When the press asked Putin himself about the US President possibly being compromised, he beat around without categorically denying it – concluding limply that it was “difficult to imagine an utter nonsense of a bigger scale than this.”

Other Republicans reacting: Sen. John McCain (R-Arizona), “most disgraceful performance”; Sen. Susan Collins (R-Maine), “his position is untenable and at odds with the forceful response this moment demands”; Sen. Bob Corker (R-Tennessee), “Putin gained tremendously from the presscon”; Sen. Marco Rubio (R-Florida), “Putin’s behavior was very calculated”; Sen. Lindsey Graham (R-South Carolina), “meeting with Putin a missed opportunity perceived as weakness by Russia”; and Rep. Trey Gowdy (R-South Carolina), “Russia’s not our friend, sows seeds of discord.”

 Like Trump, Duterte hands tied on China?

WE HAVE often voiced concern that Duterte, a mayor trying his hand at being president, may have been outfoxed or compromised by a cunning China. In our Postscript of May 6, 2018, we asked: “Can Duterte say no to the Red Dragon?” That piece said in part:

When will President Duterte wake up to the security threats posed by the escalating military presence of China in the Philippines’ Exclusive Economic Zone? When and where will he draw the line – if ever?

Professing friendship, China serves Duterte a lauriat of investment promises and massive loans (that look to skeptics like baits to a debt trap). Meanwhile, the Red Dragon has been building up reefs in the West Philippine Sea into islands now harboring military installations.

A report in The Diplomat this week analyzes China’s setting up missiles systems on Fiery Cross, Subi, and Mischief reefs/isles in the Spratly group near the southern tip of Palawan. Intelligence photographs of the military installations have been uploaded in the internet.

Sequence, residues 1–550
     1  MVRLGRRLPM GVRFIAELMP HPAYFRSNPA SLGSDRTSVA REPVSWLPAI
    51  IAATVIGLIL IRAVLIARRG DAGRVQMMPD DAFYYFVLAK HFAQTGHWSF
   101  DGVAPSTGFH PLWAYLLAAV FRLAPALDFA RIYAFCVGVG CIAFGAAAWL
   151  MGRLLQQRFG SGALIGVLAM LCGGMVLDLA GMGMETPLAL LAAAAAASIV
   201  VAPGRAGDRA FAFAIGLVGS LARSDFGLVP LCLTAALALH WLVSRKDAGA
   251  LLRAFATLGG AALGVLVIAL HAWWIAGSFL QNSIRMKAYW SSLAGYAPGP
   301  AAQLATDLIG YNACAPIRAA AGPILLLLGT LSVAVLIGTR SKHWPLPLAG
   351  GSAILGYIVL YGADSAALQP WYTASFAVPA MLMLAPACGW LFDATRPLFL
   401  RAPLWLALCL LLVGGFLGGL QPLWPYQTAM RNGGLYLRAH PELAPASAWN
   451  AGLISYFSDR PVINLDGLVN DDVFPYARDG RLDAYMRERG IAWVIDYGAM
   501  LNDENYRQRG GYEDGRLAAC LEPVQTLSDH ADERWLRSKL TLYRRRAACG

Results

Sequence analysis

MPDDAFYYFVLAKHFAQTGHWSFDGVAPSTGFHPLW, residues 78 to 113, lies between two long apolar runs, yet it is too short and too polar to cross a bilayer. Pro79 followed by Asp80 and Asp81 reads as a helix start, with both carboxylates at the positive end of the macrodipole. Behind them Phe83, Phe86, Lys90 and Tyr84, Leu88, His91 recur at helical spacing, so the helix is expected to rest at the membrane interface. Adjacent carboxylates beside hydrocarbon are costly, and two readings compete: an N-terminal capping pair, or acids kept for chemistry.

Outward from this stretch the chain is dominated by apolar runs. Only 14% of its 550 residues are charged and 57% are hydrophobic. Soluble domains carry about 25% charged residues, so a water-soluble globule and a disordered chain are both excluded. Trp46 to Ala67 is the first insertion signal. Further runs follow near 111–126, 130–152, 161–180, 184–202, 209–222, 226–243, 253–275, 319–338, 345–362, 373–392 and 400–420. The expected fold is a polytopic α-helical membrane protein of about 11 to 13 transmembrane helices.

On Jan. 6, two Xian Y-7 military transport planes were photographed on a runway built on Panganiban (Mischief) reef/isle. The foreign office said it might file a protest if warranted, but it was not clear if it did.

Photographs were also published earlier showing that China has transformed Kagitingan (Fiery Cross), Calderon (Cuarteron), Burgos (Gaven), Mabini (Johnson South), Zamora (Subi) and McKennan (Hughes) reefs into artificial islands. Malacañang did not show much concern.

China has been militarizing maritime features in the West Philippine Sea in full view of its neighbors, some of them counter-claimants. Crisscrossed by sea lanes where some $3.5 trillion in goods pass yearly, the disputed area has become a flashpoint.

President Duterte cannot be unaware that Beijing, having gained control the WPS features now bristling with airstrips, reinforced shelters, radar and missile sites, is not likely to give them up. What must he do?

Has Duterte, dubbed by Time magazine as a “strongman,” been compromised or intimidated by China into acquiescence? Whatever, he has a clear obligation to explain to the nation his failure to protect Philippine maritime areas against foreign incursions.

(First published in the Philippine STAR of July 19, 2018)